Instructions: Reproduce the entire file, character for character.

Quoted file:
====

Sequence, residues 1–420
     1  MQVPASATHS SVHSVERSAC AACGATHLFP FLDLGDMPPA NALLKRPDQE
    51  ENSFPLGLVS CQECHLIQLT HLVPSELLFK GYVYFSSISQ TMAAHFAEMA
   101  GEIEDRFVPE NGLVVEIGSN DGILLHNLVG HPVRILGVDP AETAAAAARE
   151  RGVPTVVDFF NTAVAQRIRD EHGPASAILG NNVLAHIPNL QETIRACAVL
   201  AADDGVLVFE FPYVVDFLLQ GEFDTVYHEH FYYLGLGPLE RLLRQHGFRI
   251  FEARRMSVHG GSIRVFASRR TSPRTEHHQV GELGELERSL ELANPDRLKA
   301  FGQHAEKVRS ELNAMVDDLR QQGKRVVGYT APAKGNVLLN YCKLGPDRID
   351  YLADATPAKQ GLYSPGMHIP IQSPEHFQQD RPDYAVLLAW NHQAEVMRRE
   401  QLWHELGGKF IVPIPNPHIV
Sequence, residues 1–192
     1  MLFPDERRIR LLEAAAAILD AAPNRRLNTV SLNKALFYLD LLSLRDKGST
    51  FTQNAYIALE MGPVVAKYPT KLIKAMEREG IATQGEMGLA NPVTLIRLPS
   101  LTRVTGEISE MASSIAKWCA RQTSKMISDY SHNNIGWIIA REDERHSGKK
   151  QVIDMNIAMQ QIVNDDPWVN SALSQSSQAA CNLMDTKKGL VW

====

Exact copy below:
Sequence, residues 1–420
     1  MQVPASATHS SVHSVERSAC AACGATHLFP FLDLGDMPPA NALLKRPDQE
    51  ENSFPLGLVS CQECHLIQLT HLVPSELLFK GYVYFSSISQ TMAAHFAEMA
   101  GEIEDRFVPE NGLVVEIGSN DGILLHNLVG HPVRILGVDP AETAAAAARE
   151  RGVPTVVDFF NTAVAQRIRD EHGPASAILG NNVLAHIPNL QETIRACAVL
   201  AADDGVLVFE FPYVVDFLLQ GEFDTVYHEH FYYLGLGPLE RLLRQHGFRI
   251  FEARRMSVHG GSIRVFASRR TSPRTEHHQV GELGELERSL ELANPDRLKA
   301  FGQHAEKVRS ELNAMVDDLR QQGKRVVGYT APAKGNVLLN YCKLGPDRID
   351  YLADATPAKQ GLYSPGMHIP IQSPEHFQQD RPDYAVLLAW NHQAEVMRRE
   401  QLWHELGGKF IVPIPNPHIV
Sequence, residues 1–192
     1  MLFPDERRIR LLEAAAAILD AAPNRRLNTV SLNKALFYLD LLSLRDKGST
    51  FTQNAYIALE MGPVVAKYPT KLIKAMEREG IATQGEMGLA NPVTLIRLPS
   101  LTRVTGEISE MASSIAKWCA RQTSKMISDY SHNNIGWIIA REDERHSGKK
   151  QVIDMNIAMQ QIVNDDPWVN SALSQSSQAA CNLMDTKKGL VW